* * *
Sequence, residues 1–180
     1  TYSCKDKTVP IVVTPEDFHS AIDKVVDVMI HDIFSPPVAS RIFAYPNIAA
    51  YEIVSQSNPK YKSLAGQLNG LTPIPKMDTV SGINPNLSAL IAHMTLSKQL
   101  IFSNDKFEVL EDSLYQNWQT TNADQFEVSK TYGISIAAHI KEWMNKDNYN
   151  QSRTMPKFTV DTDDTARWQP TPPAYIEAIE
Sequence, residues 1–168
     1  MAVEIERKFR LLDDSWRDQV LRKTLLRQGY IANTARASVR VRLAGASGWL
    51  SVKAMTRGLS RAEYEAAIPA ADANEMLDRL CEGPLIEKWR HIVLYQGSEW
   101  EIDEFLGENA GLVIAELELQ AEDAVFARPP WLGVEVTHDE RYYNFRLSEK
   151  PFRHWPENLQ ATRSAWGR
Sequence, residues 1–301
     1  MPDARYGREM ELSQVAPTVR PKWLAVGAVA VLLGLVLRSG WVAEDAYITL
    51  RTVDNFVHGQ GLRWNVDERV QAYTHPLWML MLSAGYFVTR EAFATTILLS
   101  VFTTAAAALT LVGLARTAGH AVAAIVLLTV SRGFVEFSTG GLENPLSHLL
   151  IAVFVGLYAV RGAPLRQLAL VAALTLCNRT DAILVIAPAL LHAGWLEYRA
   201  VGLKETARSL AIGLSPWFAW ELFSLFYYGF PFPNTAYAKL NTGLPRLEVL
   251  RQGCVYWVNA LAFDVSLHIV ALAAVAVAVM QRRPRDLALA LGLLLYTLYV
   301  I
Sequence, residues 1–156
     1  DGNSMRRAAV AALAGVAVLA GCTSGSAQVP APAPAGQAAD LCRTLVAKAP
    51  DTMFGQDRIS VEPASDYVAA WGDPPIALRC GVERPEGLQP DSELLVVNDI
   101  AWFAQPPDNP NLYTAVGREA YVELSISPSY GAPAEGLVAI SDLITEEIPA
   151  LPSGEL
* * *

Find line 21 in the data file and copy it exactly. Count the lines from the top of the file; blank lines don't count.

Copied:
    51  DTMFGQDRIS VEPASDYVAA WGDPPIALRC GVERPEGLQP DSELLVVNDI